Continuing last month’s theme of Streetwear September, Mochi magazine virtually attended oqLiq’s Spring/Summer 2021 fashion show at the tail end of New York Fashion Week (NYFW). oqLiq is a Taiwanese urban streetwear brand started by Chi Hung and Orbit Lin. Traditionally a menswear brand, Hung and Lin took it up a notch this season with a unisex collection, which follows the fashion industry’s trend of gender neutrality. 

oqLiq debuted at NYFW earlier this year and returned this season with a theme of “Natural Blessing.” The designers’ new pieces draw from a color palette inspired by nature, with black, deep moss green and blue hues. With that theme in mind, the pieces were designed to withstand various elements, from a cool breeze to a rain shower. In addition, oqLiq embraced sneaker culture, collaborating with New Balance as the sneaker of choice to complement the polished outfits.

Following the digital show, we chatted with Chi Hung about the inspiration behind the collection, what’s inspiring her lately, and what kept her sane during NYFW.

Chi Hung’s favorite look from oqLiq’s Spring/Summer 2021 collection

IP: What is the inspiration behind your Spring/Summer 2021 collection?
CH: The inspiration of the collection comes from a prayer for favorable weather, “nature’s blessing.” In the [16th century Chinese] novel “Investiture of the Gods,” there are four heavenly kings, known as Jian (sword), Chin (instruments), San (umbrella) and Lung (dragon), which represent the idea of nature’s blessing. The imagination of these four heavenly kings can be seen throughout the fashion show, delivering the message of nature’s blessing. […] The four words are used in the design of oqLiq in the concept of functional clothing: wind (windproof), tune (functional clothing, in tune with the body), rain (rainproof), smooth (comfortable).

IP: oqLiq made its American debut just this past February during NYFW. How would you describe your experience with this fashion show compared to last year’s?
CH: Both experiences were incredible in their own way. At a live fashion show like last season, you are able to feed off of the energy of all the guests in the audience. But with the virtual [show] this season, we were able to be a lot more creative with the set and the “show.”   

IP: What is the meaning of oqLiq?
CH: It is the reverse image of an old word “bilbo” (earlier English form of the name Bilbao) noted for the manufacture of fine blades. Bilbao means a sword used in former times, noted for the temper and elasticity of its blade. We found this word in the dictionary. We liked exercise and resilience, but later found that it had the same name as a movie character, so we reversed the word. We hope “oqLiq” represents a kind of strength and flexibility.

IP: How would you describe the aesthetic of oqLiq?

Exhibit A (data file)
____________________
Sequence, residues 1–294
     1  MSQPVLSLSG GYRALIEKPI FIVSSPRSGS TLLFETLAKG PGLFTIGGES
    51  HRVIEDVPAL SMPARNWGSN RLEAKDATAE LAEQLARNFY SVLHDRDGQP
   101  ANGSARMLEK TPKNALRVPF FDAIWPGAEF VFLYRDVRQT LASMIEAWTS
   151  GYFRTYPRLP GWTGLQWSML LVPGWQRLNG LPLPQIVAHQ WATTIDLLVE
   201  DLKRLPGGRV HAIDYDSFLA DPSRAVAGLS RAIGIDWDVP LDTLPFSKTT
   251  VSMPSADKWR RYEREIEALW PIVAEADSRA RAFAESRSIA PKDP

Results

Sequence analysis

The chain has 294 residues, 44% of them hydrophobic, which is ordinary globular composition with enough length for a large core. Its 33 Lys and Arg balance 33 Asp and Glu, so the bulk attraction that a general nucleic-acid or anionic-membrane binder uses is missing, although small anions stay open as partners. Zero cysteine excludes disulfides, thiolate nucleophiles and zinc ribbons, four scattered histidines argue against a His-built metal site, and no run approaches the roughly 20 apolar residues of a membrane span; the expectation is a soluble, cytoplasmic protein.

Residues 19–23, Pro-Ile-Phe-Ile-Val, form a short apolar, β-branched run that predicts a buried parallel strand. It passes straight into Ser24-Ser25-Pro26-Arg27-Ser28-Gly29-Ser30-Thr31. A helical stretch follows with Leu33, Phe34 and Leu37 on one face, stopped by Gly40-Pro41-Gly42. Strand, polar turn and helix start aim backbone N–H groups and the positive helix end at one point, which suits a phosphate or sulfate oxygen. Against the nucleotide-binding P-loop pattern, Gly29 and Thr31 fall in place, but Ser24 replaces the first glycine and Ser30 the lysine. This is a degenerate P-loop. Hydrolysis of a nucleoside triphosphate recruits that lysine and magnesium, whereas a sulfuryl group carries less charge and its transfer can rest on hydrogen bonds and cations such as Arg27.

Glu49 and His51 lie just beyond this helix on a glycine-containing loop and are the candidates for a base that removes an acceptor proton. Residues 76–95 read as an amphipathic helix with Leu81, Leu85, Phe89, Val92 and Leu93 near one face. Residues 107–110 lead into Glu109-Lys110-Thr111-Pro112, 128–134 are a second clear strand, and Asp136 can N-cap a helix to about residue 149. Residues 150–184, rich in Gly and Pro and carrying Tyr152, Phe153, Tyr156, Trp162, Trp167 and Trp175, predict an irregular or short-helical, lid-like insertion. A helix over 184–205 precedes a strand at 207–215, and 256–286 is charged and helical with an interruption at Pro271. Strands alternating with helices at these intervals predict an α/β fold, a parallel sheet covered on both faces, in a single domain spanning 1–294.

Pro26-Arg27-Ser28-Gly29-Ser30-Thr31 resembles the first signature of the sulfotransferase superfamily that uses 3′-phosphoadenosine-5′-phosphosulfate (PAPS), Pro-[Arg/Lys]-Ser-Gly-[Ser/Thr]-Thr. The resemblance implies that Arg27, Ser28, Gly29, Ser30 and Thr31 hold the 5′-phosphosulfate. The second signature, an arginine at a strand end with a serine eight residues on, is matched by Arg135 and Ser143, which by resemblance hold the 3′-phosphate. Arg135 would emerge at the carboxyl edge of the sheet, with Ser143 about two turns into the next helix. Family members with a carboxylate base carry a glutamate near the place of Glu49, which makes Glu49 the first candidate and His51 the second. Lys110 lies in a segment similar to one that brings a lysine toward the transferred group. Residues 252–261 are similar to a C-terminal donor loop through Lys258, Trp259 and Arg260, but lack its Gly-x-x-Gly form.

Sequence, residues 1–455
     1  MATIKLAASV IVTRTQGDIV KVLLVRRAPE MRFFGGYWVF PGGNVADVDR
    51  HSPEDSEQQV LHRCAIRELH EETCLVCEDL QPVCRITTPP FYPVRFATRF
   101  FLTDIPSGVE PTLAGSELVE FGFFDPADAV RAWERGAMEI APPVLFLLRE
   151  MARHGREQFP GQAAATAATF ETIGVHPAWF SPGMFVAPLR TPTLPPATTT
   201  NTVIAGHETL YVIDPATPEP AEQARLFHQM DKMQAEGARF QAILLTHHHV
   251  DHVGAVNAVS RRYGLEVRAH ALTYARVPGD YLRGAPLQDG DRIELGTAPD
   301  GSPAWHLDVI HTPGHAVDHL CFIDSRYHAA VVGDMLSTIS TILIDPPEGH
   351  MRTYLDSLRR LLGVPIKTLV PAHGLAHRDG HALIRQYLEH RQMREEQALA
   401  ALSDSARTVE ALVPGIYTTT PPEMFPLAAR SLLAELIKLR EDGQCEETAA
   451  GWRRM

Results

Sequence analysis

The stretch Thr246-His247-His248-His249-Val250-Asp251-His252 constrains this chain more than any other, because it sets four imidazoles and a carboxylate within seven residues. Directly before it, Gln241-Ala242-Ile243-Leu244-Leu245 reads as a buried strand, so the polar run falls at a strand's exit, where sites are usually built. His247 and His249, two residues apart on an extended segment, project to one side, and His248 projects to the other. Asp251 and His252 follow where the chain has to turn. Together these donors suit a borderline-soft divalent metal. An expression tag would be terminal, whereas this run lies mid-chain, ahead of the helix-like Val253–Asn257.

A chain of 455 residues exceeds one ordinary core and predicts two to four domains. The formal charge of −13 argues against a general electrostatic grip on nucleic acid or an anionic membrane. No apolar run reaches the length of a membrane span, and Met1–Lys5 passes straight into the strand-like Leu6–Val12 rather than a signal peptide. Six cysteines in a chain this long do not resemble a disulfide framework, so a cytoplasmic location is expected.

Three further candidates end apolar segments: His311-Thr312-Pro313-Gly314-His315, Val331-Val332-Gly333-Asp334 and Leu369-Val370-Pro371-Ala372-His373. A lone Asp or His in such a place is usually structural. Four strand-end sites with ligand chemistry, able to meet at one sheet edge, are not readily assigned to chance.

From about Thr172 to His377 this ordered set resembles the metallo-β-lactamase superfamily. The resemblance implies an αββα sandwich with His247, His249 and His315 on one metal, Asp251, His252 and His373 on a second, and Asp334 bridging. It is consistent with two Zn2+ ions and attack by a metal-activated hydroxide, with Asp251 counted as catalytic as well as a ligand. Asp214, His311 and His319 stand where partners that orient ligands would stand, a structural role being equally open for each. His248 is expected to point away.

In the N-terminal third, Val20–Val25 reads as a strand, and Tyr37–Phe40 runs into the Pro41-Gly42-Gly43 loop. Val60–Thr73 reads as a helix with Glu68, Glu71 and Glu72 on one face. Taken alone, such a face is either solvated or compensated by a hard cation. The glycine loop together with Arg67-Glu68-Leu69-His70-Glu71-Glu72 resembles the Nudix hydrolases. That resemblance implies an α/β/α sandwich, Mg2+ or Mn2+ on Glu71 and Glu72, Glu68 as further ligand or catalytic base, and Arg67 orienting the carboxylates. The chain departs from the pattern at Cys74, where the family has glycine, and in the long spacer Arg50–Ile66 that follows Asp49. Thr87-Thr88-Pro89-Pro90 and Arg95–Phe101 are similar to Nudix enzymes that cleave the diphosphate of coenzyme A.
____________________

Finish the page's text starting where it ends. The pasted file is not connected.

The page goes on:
CH: It’s a combination of traditional oriental culture and urban outdoor style that provides high-end functionality.

IP: What is inspiring you lately?
CH: The latest technology and the old traditional culture.

IP: What is one piece of advice you would tell your young designer self?
CH: I would tell my younger self to never give up, and that failure is the best teacher you will ever meet. 

IP: Can you describe the person you design for? For example, a man or woman/person who appreciates functionality and the outdoors, etc.
CH: People who use clothes to express their views of the world. Fashion can be a political statement; we design for the person who stands in their purpose. 

IP:  What are some of the things that keep you sane while prepping for NYFW?
CH: We are so fortunate to have the best team in the world. They are the ones who keep us sane through all the crazy that is NYFW. 

IP: Why do you think it’s so important to show your collection during NYFW?
CH: We met our first buyer in New York, so New York will always have a special place in our hearts.

Follow oqLiq on instagram @oqLiq and shop the collection at

Photo credit: OqLiq


  • Ivy Payne, Fashion Editor at Mochi, has always played dress up. Throughout her childhood living in Los Angeles (Culver City, specifically) she was known as best dressed. It wasn’t necessarily the brands she wore but how her outfits were effortlessly put together. She began her fashion career working for international mall developer, Westfield, then made her way to Marie Claire magazine. However, now she plays dress up on the big screen (or small, if you prefer the iPhone) as a Costume Designer, bringing life to characters through clothes. If she’s not storytelling with wardrobe, you’ll find her with personal clients making them feel and look their best.

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